It is my thesis that human beings are born with another limitless wellspring of mental energy, one that is expended solely through faith. This "spiritual libido" exists because the world is, and has always been, so complex, confusing, threatening, and inscrutable that human beings find it profoundly pleasurable to simply accept some notions just because they feel right. Despite the obvious benefits of acting rationally, ya gotta admit that it takes some work. It feels good to deliberately take a break from that work by accepting some things through intuition rather than evidence, through the heart rather than the mind. Just as sex is the act through which people derive the pleasure of discharging their sexual libido, so is taking something on faith the act through which people derive the pleasure of discharging their spiritual libido.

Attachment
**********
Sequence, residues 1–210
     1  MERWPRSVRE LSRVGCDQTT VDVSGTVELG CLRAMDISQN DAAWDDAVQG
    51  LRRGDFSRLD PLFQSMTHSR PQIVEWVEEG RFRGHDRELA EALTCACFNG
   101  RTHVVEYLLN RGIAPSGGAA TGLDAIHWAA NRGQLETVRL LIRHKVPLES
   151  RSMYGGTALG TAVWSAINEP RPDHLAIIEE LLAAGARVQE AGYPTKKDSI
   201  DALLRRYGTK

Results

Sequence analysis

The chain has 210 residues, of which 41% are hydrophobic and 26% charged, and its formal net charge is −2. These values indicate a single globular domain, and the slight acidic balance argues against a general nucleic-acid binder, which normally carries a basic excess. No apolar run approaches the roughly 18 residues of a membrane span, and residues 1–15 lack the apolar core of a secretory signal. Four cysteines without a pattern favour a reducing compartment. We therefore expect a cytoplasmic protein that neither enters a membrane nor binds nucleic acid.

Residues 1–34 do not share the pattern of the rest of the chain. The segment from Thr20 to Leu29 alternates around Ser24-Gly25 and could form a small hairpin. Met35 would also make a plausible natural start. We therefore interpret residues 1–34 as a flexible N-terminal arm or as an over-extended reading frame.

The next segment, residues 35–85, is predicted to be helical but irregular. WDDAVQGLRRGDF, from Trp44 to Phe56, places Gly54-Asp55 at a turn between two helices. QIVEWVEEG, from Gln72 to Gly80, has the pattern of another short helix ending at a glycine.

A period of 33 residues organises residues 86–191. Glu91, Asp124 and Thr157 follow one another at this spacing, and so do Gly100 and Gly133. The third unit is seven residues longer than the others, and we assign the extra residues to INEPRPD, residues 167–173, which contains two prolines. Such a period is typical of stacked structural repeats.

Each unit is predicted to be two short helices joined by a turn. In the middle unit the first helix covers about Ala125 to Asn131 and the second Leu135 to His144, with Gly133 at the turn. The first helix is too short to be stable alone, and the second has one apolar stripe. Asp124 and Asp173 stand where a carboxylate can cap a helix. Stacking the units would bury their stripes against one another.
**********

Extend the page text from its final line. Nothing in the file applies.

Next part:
When Sam Harris writes a book with a title like The End of Faith I cringe, because he might as well have titled the book The End of Humanity. Right or wrong, the spiritual libido is an innate part of what it means to be human, and the Four Horsemen ignore that fact at their peril. To denigrate and marginalize faith is to denigrate and (more importantly, from a marketing standpoint) marginalize oneself.
This does not mean that all belief systems are on an equal footing; we still have a right to debate and discuss which vessels are more or less suited to receiving the faith that our spiritual libido drives us to pour out. It simply means that, in the marketplace of belief systems, faith is the currency with which we make our purchases.